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Pandemic Stimulus Money Is Helping Build Bus Stops In The Middle Of I-25 In Northern Colorado

Colorado Department of Transportation
Illustration of the center-load Bustang stop in the middle of I-25, looking north.

When the dust settles on the massive I-25 expansion underway in Northern Colorado in 2023, a new kind of regional transit option will take center stage: bus stops in the middle of the highway.

With the help of federal coronavirus stimulus dollars, construction crews have broken ground on a $6 million mobility hub in Berthoud. The structure resembles a traditional bus station, but is set in the middle of the highway’s north and southbound lanes. Planners say it’s the first of its kind in the state.

The money comes from Congress’ second stimulus package, which passed in late December. In January, the state’s transportation commission approved more than $150 million in stimulus dollars for local road projects, including the Berthoud hub.

Colorado is expecting even more money for transit projects from President Joe Biden’s American Rescue Plan, which Congress passed in March. Those funds have yet to be dispersed.

Once complete, passengers will enter the Berthoud mobility hub from special tunnels dug underneath the highway, which connect to nearby parking lots.

Instead of exiting the highway, buses will then pick up those passengers directly from the centrally-located stops. The structures are designed to support bus services from local transit agencies, as well as CDOT’s growing line of statewide Bustang routes.

Similar stations are planned for interchanges in Loveland and Fort Collins, but regional transit managers are still securing funding.

KUNC’s Matt Bloom recently visited the Berthoud site to learn more.

Matt Bloom: We're out here off of the State Highway 56 exit to Berthoud in Northern Colorado. Across the street is kind of a mess of construction right now where crews are building a mobility hub. And that's what we're here to talk about with the mayor of Berthoud, Will Karspeck, and CDOT engineer Abra Geissler. Mayor, I want to start with you. How do mobility hubs work? What are they?

Will Karspeck: Depending on the design, the overall idea is just a central area for multimodal transportation. So, buses, your own vehicle, connecting to airports, bicycles. It's just a central meeting point for any type of transportation. It's one location where it comes together.

So for our interchange, the mobility hub is essentially a bus station where the bus will be able to drive on I-25 like usual. But instead of pulling off the interchange to pick up passengers, it'll merge on to the center of the interstate and have its own special stop. Passengers can go underneath I-25 through a pedestrian tunnel we’re building and walk up into the middle of I-25 and access that bus. So it's essentially a way where the bus can stay on I-25, which minimizes any kind of delay and also is much safer than having large public buses constantly entering and exiting the interstate.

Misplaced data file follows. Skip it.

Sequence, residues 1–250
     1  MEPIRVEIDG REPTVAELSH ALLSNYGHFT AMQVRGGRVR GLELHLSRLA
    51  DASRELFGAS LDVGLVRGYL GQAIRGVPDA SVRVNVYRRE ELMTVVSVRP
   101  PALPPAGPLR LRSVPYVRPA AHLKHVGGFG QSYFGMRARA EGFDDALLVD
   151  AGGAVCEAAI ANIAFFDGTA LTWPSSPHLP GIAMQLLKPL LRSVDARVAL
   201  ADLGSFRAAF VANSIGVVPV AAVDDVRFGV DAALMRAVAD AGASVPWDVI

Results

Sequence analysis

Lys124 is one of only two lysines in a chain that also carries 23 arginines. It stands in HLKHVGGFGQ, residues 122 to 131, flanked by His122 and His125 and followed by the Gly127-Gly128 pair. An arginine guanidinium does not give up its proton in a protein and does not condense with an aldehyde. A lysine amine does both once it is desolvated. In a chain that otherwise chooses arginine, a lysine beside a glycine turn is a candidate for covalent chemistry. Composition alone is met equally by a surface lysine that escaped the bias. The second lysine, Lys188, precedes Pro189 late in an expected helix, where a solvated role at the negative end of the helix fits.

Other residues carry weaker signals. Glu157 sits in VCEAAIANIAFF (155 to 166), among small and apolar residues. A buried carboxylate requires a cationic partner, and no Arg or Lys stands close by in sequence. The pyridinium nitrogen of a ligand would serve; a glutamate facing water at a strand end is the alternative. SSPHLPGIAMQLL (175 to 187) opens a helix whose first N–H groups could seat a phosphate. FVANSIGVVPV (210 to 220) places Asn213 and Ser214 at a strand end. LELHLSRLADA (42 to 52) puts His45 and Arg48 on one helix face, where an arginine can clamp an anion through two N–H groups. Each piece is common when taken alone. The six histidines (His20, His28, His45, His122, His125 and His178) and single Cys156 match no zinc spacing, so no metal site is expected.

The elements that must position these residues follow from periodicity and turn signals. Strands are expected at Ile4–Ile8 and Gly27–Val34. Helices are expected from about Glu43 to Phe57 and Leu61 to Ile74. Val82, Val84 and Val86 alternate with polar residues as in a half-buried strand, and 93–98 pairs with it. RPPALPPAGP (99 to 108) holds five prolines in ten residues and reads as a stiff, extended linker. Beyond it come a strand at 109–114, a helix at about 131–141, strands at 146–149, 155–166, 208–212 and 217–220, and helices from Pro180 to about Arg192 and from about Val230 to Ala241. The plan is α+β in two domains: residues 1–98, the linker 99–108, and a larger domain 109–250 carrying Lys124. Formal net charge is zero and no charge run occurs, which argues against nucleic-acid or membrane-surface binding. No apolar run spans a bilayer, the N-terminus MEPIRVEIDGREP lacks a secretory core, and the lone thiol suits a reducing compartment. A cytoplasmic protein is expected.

Abra, is this a unique project for you and CDOT? Do you have other mobility hubs across the state? And if not, how is this different?

Abra Geissler: There are definitely other mobility hubs across the state, but this one and the other mobility hub at Kendall Parkway in Loveland that's getting constructed with the I-25 project as well, they're going to be the first median-loaded bus stations, which is really important. Like the mayor said, because it increases safety a lot where the bus isn't having to navigate across the general purpose lanes out of the express lane and on the on- and off-ramps. Those buses will be able to stay in the new express lane, then merge into the median and right back into that express lane. So, it’s much safer. And that was a big priority for us when we were designing this project.

Illustration of the new interchange, with the mobility hub to the north.
Colorado Department of Transportation
Illustration of the new Berthoud interchange, with the mobility hub to the north.

Who do you envision using this the most?

Karspeck: Well, for one, I think residents of the Berthoud area. Where we're standing right now is going to be another massive development called Wilson Ranch, which will be around 4,000 residential units and some commercials. So roughly 8,000 people will live right here. So if we can get a shuttle out from our traditional Berthoud downtown area plus Wilson Ranch, I'd say that's the primary users for this hub. There are likely going to be others from Johnstown or other cities to this location. But I'd say it's primarily Berthoud residents. So I'm very excited.

I'm curious what your thoughts are on what this project in particular says about our region right now and the needs that it has.

Karspeck: We're exploding. Our population is growing exponentially. So I think this is a very smart move on behalf of the state. It's really a strategic kind of a pivot, essentially, to not only build more lanes for vehicles, but also to look at other modes of transportation that are more environmentally friendly and ultimately, I think more fiscally responsible.

Geissler: Yeah, I agree. I think with the Baby Boomer generation getting older and some millennials not showing as strong an interest in driving all the time, the pivot is now and that time has come. So we're responding very well to that. And just the collaboration with the northern Front Range communities on this has been really great and really the main reason why this is happening.

This conversation is part of KUNC’s Colorado Edition for May 6. You can find the full episode here.

I cover a wide range of issues within Colorado’s dynamic economy including energy, labor, housing, beer, marijuana, elections and other general assignment stories.